Radicchio is a leafy vegetable, which is also known as red or Italian chicory. Go through this article for a brief overview about the nutrients in this vegetable.
Radicchio is a red leafy vegetable, that is said to be native to Italy. It is slightly bitter and spicy in taste, and is mainly used in salads. It can also be grilled, sauteed, or roasted, to reduce the bitterness. Radicchio is a leaf chicory, which has red leaves with white veins. While some types of chicory plants are cultivated for their leaves that are used as a vegetable; some others are grown for their roots, that are baked and ground, and used as a coffee substitute. There are around 19 varieties of radicchio, and most of them are named after different regions in Italy, from where they originated. The most commonly available type is radicchio di Chioggia. Others include radicchio di Treviso, radicchio di Castelfranco, Tardivo, and Gorizia. It was during the 1980s, that this vegetable became popular in the U.S. Apart from adding color and flavor to dishes, radicchio is also highly nutritious.
Radicchio is a rich source of dietary fiber, vitamins, and minerals. It has high levels of antioxidants, and studies show that the antioxidant content in radicchio is higher than that of spinach and blueberries. This vegetable is low in calories, and is free of fats and cholesterol. 100 grams of raw radicchio contains 4.5 grams of carbohydrates, one gram sugar, one gram dietary fiber, 1.5 grams protein, and 93 grams of water. The calorific value is 23 calories. Go through the following table for information about other nutrients in 100 grams of raw radicchio.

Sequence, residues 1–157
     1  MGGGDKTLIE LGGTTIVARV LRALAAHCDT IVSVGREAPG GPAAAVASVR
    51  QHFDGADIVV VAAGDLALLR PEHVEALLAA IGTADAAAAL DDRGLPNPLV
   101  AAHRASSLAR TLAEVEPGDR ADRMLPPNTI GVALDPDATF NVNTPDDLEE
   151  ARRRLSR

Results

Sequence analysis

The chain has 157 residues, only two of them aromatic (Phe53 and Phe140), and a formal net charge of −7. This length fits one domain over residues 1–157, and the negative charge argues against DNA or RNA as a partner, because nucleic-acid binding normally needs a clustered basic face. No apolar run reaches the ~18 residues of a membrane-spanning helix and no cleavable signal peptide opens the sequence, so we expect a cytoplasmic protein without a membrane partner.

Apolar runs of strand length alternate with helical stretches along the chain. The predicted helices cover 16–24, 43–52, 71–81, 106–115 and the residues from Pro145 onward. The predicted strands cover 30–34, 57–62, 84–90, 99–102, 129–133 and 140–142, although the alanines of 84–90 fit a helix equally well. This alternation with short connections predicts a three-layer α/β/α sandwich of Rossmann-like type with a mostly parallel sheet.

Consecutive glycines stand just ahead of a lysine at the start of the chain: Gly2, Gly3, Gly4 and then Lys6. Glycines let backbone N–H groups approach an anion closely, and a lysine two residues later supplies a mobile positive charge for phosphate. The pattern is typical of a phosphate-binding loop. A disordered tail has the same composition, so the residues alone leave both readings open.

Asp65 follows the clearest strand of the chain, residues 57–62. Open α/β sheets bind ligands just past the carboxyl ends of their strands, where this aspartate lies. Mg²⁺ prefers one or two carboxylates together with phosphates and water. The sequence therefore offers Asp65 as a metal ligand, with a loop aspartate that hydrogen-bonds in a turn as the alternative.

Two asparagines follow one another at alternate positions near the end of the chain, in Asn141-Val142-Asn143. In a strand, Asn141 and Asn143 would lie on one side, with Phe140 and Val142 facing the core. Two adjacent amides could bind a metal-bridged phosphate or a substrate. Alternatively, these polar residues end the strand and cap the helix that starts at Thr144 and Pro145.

|Vitamin A||27 IU|
|Vitamin C||8 mg|
|Vitamin B1||0.016 mg|
|Vitamin B2||0.028 mg|
|Vitamin B3||0.255 mg|
|Vitamin E||2.26 mg|
|Vitamin K||255.2 mcg|
* Source: USDA National Nutrient Database
You may include radicchio in your diet, and reap the benefits offered by this leafy vegetable. You can either buy fresh radicchio from the market or else, grow them in your garden during the spring or fall. Avoid using bruised or wilted radicchio. This vegetable tastes great with balsamic vinegar, olive oil, honey, lemon, bacon, garlic, anchovies, butter, and cheese. If you are averse to the flavor of this vegetable, you may use Belgian endive as a radicchio substitute in recipes that call for radicchio.